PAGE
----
How do you like your cranberry sauce? I’m hoping the answer is rich and thick, luscious but not smooth, tart and mildly sweetened, with a hint of citrus and a lightly herbal finish. ‘Cause that’s what I made.
In actual fact, this cranberry sauce was a complete accident of a recipe. I wanted to photograph the Swedish Meatballs and the Whipped Sweet Potatoes from my cookbook and I usually serve those two things together with the Cherry Thyme Sauce that’s in there, too. I thought I had some frozen cherries still stashed in my freezer… but it turned out, I did not.
And while I still haven’t figured out when or how I used those imaginary berries, I managed to salvage my little photoshoot by making a sauce from the bountiful freezer draw that will apparently be stuffed full of cranberries until sometime in January.
Why was I photographing cookbook recipes again, you might ask? Well, the original hardcover edition of Nourish: The Paleo Healing Cookbook got a little update, a new cover and a paperback edition that is going to be out in the world soon! Just after Thanksgiving, you’ll see it in bookstores (and Costco!) as the slightly abbreviated title The Paleo Healing Cookbook. People have been asking for a paperback version of the cookbook for aaaaaaages now, so I’m really excited to make one available! It hits stores Tuesday, November 28th!
When I wrote the recipes that would go into and become The Paleo Healing Cookbook, they were developed for the oven or slow cooker. Since then, I – along with so many other people! – have come to use and love the Instant Pot, an electric pressure cooker that cuts down on cooking time dramatically and makes things a little simpler and quicker in the kitchen.
Since I always want to create recipes that are delicious, nourishing and as usable as possible, I’ve gone and converted 35 of the recipes in The Paleo Healing Cookbook so that they’re totally Instant Pot friendly. You’ll save a little time, but not lose out on any flavor. Both the Swedish Meatballs and the Whipped Sweet Potatoes you see here were made using these newly converted Instant Pot recipes!
As a “thank you” to everyone of you who has supported me over the years either by purchasing the hardcover Nourish or by pre ordering The Paleo Healing Cookbook, I wanted to add a little something extra to the paperback, but we didn’t have any extra pages to spare. Instead, I’ve put all of those converted Instant Pot recipes into a completely FREE companion ebook that works in tandem with either form of my cookbook. You can grab your own copy here.
ANYWAY! Let’s get back to the cranberry sauce at hand!
I’ve made this Cranberry Sauce just as I like it: thick and chunky, not overly sweet, with a smidge of seasonal citrus and a little herbal surprise from some rosemary. I don’t know about you, but I get a little cinnamon-and-cloves-in-all-the-things at this time of year and the rosemary goes so very well with the orange in this recipe.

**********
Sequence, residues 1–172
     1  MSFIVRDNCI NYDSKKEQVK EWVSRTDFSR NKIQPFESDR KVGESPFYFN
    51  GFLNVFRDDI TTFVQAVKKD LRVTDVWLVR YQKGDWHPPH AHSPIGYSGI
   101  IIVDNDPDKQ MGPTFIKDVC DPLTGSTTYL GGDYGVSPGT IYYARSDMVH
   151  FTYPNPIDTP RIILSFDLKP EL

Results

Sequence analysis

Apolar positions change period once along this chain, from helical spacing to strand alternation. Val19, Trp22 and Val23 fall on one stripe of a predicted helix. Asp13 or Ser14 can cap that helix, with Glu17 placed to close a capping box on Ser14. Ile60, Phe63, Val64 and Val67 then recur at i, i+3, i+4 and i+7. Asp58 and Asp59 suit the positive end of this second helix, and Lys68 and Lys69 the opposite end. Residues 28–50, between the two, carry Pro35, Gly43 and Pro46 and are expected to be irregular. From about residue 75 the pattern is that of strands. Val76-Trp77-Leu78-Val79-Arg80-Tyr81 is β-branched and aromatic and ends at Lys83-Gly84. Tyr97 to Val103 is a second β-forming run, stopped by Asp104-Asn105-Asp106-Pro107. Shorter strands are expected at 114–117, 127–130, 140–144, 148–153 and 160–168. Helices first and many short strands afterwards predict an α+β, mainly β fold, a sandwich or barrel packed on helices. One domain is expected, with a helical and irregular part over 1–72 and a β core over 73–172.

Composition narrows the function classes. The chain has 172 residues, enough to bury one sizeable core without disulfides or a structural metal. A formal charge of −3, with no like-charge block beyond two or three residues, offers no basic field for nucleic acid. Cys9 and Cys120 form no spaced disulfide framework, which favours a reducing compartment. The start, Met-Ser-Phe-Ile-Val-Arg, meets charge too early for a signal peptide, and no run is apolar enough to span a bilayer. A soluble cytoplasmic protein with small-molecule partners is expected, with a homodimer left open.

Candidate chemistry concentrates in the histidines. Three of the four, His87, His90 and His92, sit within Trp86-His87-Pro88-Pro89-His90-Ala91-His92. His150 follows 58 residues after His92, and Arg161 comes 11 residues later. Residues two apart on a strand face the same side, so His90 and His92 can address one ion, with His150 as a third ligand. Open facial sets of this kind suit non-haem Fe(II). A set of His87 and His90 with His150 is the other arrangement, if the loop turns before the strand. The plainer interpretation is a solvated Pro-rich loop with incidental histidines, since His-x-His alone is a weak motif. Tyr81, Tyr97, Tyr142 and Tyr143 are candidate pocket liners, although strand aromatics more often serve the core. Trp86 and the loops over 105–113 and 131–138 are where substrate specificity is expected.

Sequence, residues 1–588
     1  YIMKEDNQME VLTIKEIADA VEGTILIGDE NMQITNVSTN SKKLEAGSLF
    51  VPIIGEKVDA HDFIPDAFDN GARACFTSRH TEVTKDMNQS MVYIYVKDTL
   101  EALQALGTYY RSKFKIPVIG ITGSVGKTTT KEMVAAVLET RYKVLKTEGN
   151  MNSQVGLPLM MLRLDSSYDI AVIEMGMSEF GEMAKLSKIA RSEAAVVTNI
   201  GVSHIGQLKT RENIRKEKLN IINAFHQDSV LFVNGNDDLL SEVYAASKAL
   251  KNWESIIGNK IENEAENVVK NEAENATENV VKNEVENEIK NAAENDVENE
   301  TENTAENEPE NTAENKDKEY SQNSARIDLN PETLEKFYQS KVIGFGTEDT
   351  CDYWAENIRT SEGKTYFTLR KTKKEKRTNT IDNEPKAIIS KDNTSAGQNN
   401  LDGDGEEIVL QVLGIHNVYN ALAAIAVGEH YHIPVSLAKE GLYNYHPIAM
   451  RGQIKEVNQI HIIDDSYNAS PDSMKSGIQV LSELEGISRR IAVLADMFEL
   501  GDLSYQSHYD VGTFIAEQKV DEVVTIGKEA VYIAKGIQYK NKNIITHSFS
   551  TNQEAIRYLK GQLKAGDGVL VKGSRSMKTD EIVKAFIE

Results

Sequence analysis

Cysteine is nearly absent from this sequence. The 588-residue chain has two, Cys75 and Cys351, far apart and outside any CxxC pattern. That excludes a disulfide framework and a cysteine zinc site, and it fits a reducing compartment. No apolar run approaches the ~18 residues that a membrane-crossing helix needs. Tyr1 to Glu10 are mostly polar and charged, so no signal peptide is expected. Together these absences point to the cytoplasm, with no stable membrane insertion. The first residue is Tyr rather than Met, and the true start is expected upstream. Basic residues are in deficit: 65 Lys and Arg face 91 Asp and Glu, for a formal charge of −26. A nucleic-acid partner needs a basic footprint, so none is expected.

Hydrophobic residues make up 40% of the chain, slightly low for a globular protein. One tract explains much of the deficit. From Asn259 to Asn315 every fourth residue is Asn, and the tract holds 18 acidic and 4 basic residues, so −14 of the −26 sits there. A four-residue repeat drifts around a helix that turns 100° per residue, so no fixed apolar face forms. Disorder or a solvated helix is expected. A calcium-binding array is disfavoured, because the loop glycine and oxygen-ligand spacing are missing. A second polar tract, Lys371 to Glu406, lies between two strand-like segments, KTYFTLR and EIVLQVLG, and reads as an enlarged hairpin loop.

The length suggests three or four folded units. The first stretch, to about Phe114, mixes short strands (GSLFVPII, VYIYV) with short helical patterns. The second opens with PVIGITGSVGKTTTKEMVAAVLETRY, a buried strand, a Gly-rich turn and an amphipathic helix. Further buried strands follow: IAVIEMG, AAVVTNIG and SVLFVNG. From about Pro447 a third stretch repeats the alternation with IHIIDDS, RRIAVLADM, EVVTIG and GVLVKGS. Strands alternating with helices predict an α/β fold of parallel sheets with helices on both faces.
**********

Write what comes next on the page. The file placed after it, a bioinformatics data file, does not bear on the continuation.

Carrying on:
You can use whichever kind of oranges you have to hand. I had some beautiful blood oranges, so I used their juice and zest. Whatever oranges you use, make sure to grate a good teaspoon or so of orange zest right into the saucepan as it simmers!
The balsamic vinegar is totally optional, but I love the complexity it brings to the cranberry sauce. At first, I was a little hesitant to add a vinegar to a condiment that is already on the super-tart side of flavor town, but the lovely, syrup-y goodness brings a mellow zing and a subtle sweetness that means you don’t have to add a bunch more honey or sweetener. It’s also a lovely complement to the pine-y punch that comes from the fragrant rosemary.
If you like a cleaner, fresher flavor that still has some of the traditional balsamic’s depth, I’d recommend subbing in white balsamic vinegar if you happen to keep it stocked in your pantry. Other vinegars lack the depth that the balsamic brings to this cranberry sauce.
See how luscious and thick this cranberry sauce is, without needing to add any kind of thickener or gelling agent? That’s due in part to the applesauce I include in this recipe. It doesn’t come through, flavor wise, but it provides the perfect background for the cranberries to break down into a chunky cranberry sauce without the gloop. I like to only partially smash the cranberries down with a potato masher, leaving behind plenty of whole berries for texture and that great pop when you bite into them.
Here, I’ve paired the cranberry sauce with Swedish Meatballs and Whipped Sweet Potatoes, but it would be the perfect addition to your Thanksgiving table, served with weeknight chicken or even swirled into coconut yogurt for breakfast.
- COMBINE: Add all of the ingredients to a saucepan over medium heat. Cook, stirring occasionally, until the cranberries start to break down and the sauce starts to thicken and come together, about 5 minutes.
- SMASH: Use a potato masher to gently press down on the warm cranberry mixture so that some of the cranberries are lightly crushed. (I like to leave quite a few whole cranberries, but you can mash them as mush or as little as you like!). Continue warming the cranberry sauce, stirring often, until it thickens and you can pull a spatula through the mixture cleanly, about 10 minutes. Remove from the heat.
- SERVE: Remove and discard the rosemary sprig. The cranberry sauce can be served warm or room temperature, as you like. It will keep nicely in the fridge, in an airtight container, for a week or so and is even better once it's been set aside at least overnight so that the flavors can mingle together. The cranberry sauce can be frozen for up to 3 months in an airtight container.
Traditional balsamic vinegar gives a sweeter, more dominant flavor than its white balsamic vinegar counterpart. For a slightly milder and less obvious flavor, pick the white variety.
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